John Sylak-Glassman


2018

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UniMorph 2.0: Universal Morphology
Christo Kirov | Ryan Cotterell | John Sylak-Glassman | Géraldine Walther | Ekaterina Vylomova | Patrick Xia | Manaal Faruqui | Sabrina J. Mielke | Arya McCarthy | Sandra Kübler | David Yarowsky | Jason Eisner | Mans Hulden
Proceedings of the Eleventh International Conference on Language Resources and Evaluation (LREC 2018)

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The CoNLLSIGMORPHON 2018 Shared Task: Universal Morphological Reinflection
Ryan Cotterell | Christo Kirov | John Sylak-Glassman | Géraldine Walther | Ekaterina Vylomova | Arya D. McCarthy | Katharina Kann | Sabrina J. Mielke | Garrett Nicolai | Miikka Silfverberg | David Yarowsky | Jason Eisner | Mans Hulden
Proceedings of the CoNLL–SIGMORPHON 2018 Shared Task: Universal Morphological Reinflection

2017

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CoNLL-SIGMORPHON 2017 Shared Task: Universal Morphological Reinflection in 52 Languages
Ryan Cotterell | Christo Kirov | John Sylak-Glassman | Géraldine Walther | Ekaterina Vylomova | Patrick Xia | Manaal Faruqui | Sandra Kübler | David Yarowsky | Jason Eisner | Mans Hulden
Proceedings of the CoNLL SIGMORPHON 2017 Shared Task: Universal Morphological Reinflection

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A Rich Morphological Tagger for English: Exploring the Cross-Linguistic Tradeoff Between Morphology and Syntax
Christo Kirov | John Sylak-Glassman | Rebecca Knowles | Ryan Cotterell | Matt Post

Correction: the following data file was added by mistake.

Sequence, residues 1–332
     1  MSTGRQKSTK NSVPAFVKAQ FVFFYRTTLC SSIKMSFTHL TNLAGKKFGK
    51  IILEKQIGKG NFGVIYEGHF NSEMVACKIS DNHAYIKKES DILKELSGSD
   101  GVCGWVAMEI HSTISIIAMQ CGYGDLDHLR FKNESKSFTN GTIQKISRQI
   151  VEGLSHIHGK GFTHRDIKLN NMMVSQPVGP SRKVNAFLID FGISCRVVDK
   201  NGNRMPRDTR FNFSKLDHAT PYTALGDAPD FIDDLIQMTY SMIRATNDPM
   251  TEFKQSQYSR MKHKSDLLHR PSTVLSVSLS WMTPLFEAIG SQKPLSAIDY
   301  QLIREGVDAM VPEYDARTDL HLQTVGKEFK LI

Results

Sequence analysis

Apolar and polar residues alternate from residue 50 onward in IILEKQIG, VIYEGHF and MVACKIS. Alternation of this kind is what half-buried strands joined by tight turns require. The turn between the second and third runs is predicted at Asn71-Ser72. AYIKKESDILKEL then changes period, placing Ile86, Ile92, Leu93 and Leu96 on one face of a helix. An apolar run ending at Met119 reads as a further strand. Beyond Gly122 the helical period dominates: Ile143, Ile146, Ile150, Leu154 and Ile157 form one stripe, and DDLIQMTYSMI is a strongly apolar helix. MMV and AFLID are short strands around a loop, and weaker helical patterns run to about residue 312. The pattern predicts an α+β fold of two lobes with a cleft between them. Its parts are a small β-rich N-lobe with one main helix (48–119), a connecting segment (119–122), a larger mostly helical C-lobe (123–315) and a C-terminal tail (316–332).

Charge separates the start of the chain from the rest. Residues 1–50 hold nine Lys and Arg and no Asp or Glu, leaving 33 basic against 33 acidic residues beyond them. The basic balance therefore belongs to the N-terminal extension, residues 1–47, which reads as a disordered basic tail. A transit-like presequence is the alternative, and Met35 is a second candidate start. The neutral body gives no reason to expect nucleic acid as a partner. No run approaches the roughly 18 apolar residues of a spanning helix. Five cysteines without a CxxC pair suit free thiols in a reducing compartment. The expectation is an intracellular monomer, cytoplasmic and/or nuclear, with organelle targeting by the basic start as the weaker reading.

Proceedings of the 15th Conference of the European Chapter of the Association for Computational Linguistics: Volume 2, Short Papers

A traditional claim in linguistics is that all human languages are equally expressive—able to convey the same wide range of meanings. Morphologically rich languages, such as Czech, rely on overt inflectional and derivational morphology to convey many semantic distinctions. Languages with comparatively limited morphology, such as English, should be able to accomplish the same using a combination of syntactic and contextual cues. We capitalize on this idea by training a tagger for English that uses syntactic features obtained by automatic parsing to recover complex morphological tags projected from Czech. The high accuracy of the resulting model provides quantitative confirmation of the underlying linguistic hypothesis of equal expressivity, and bodes well for future improvements in downstream HLT tasks including machine translation.

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Neural Graphical Models over Strings for Principal Parts Morphological Paradigm Completion
Ryan Cotterell | John Sylak-Glassman | Christo Kirov
Proceedings of the 15th Conference of the European Chapter of the Association for Computational Linguistics: Volume 2, Short Papers

Many of the world’s languages contain an abundance of inflected forms for each lexeme. A critical task in processing such languages is predicting these inflected forms. We develop a novel statistical model for the problem, drawing on graphical modeling techniques and recent advances in deep learning. We derive a Metropolis-Hastings algorithm to jointly decode the model. Our Bayesian network draws inspiration from principal parts morphological analysis. We demonstrate improvements on 5 languages.

2016

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Remote Elicitation of Inflectional Paradigms to Seed Morphological Analysis in Low-Resource Languages
John Sylak-Glassman | Christo Kirov | David Yarowsky
Proceedings of the Tenth International Conference on Language Resources and Evaluation (LREC'16)